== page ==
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Map: How B.C.'s upcoming hot weather event compares to the 2021 heat dome

Despite being several degrees cooler than the 2021 event, the weekend heat could have significant implications across B.C.
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The Weather Network notes that this weekend's hot weather will be nothing like the heat dome of 2021. Environment Canada weighs in on how to prepare.

If you've been eagerly anticipating the first hot, sunny weekend in Metro Vancouver, you are not alone. 

But with elevated temperatures comes increased trepidation in the province.

In the wake of last year's heat dome — the deadliest weather event in B.C.'s history — sizzling daily highs may be a cause for concern. 

And while elevated temperatures increase the risk of heat-related illnesses, The Weather Network notes that this weekend's hot weather will be "nothing like the heat dome of 2021."

A graphic that shows heat dome temperatures from the 2021 event shows that certain places, such as Abbotsford, felt as hot as 40 degrees at 9 a.m. with humidity.

While temperatures will still climb into the 30s at the hottest part of the day during this event, nighttime temperatures are expected to offer a respite, with temperatures dropping down to the mid-teens. 

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Photo via The Weather Network

Metro Vancouver weather: Comparing the heat dome to this hot weather event

Despite being several degrees cooler than the 2021 event, the weekend heat could have significant implications across B.C. The soaring temperatures could "accelerate the snowmelt, which has been delayed," leading to flooding in parts of the province.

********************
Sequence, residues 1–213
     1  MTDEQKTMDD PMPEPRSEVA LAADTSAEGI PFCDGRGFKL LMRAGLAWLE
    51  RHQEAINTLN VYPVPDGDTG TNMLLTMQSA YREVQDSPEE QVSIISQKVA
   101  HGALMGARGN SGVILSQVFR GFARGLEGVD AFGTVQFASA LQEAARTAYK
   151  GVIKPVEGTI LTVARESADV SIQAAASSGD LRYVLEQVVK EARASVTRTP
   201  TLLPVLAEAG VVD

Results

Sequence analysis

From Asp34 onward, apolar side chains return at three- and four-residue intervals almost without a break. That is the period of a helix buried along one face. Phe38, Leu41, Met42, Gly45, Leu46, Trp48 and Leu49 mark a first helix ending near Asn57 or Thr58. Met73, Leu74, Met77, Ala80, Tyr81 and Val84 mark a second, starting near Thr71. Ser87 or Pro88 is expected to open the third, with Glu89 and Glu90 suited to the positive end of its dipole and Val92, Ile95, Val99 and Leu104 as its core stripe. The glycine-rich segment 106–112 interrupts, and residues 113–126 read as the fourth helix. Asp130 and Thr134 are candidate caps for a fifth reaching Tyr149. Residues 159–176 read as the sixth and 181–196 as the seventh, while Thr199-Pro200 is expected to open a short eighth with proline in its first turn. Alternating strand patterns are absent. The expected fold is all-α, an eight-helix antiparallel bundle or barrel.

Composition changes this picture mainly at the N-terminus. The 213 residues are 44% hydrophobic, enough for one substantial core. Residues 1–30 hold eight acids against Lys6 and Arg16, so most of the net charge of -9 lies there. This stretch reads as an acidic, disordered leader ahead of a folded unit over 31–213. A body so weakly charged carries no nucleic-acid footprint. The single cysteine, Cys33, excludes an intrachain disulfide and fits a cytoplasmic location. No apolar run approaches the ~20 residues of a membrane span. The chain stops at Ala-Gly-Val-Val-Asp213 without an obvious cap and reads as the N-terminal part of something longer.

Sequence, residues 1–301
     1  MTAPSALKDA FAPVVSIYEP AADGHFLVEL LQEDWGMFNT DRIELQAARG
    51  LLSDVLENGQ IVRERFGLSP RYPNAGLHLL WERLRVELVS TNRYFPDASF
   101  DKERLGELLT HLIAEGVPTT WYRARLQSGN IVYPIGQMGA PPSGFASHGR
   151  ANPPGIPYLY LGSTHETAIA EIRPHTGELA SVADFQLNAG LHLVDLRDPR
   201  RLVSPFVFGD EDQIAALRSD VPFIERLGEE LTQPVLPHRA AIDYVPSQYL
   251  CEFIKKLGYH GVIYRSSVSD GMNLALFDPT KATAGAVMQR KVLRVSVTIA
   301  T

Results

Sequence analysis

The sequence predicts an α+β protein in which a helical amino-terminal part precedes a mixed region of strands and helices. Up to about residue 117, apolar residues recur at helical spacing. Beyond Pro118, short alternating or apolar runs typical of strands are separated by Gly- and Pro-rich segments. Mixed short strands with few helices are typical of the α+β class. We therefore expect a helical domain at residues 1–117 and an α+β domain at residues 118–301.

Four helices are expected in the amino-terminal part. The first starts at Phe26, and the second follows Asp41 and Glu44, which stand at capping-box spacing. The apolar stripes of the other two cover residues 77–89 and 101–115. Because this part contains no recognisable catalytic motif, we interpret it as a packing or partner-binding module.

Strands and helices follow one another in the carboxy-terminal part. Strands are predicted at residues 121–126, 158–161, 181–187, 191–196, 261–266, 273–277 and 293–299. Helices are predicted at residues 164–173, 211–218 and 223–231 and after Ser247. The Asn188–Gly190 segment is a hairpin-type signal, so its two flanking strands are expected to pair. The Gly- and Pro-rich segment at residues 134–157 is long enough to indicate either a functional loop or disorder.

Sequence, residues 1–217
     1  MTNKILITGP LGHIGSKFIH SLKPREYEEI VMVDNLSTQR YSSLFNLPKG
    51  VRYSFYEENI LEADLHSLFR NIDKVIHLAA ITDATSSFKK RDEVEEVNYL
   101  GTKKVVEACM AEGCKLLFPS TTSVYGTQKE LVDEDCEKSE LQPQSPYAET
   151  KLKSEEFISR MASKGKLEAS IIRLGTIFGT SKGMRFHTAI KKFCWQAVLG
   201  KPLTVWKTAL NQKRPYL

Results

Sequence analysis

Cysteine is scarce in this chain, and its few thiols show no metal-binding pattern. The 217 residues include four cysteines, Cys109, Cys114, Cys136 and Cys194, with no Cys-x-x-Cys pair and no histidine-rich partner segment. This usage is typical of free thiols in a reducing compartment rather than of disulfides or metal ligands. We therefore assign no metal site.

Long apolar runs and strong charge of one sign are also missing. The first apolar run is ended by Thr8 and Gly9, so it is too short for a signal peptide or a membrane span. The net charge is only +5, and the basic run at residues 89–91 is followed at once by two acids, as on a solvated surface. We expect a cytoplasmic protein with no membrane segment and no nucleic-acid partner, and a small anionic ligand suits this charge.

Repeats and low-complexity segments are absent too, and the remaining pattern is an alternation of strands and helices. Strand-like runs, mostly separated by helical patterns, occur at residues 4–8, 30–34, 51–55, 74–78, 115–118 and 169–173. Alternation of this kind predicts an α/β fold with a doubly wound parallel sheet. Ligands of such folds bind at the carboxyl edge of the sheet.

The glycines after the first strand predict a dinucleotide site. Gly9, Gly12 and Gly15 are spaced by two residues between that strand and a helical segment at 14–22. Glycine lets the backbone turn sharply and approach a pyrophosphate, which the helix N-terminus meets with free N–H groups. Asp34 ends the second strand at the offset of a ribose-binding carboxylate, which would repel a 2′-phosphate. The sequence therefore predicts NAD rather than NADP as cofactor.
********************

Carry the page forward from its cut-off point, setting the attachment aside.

While the River Forecast Centre doesn't have any advisories in place for Metro Vancouver, there is currently a flood warning in effect for the Quesnel River. There are also flood watches in effect for the Thompson River and high streamflow advisories in effect for other parts of B.C.

Environment Canada also reminds people that "bodies of water still remain cool for this time of year and may pose a risk of hypothermia when exposed to cold water for a prolonged period of time." 

Preparing for hot weather:

  • If you do not have air conditioning at home, find an air-conditioned spot close by where you can cool off on hot days. Consider places in your community to spend time such as movie theatres, libraries, community centres, or shopping malls.
  • Check that you have a working fan. If you have an air conditioner, make sure it works.
  • Shut windows and close curtains or blinds during the heat of the day to block the sun and to prevent hotter outdoor air from coming inside. Open doors and windows when it is cooler outside to move that cooler air indoors.

Have a look at Environment Canada's summer forecast for the Metro Vancouver region.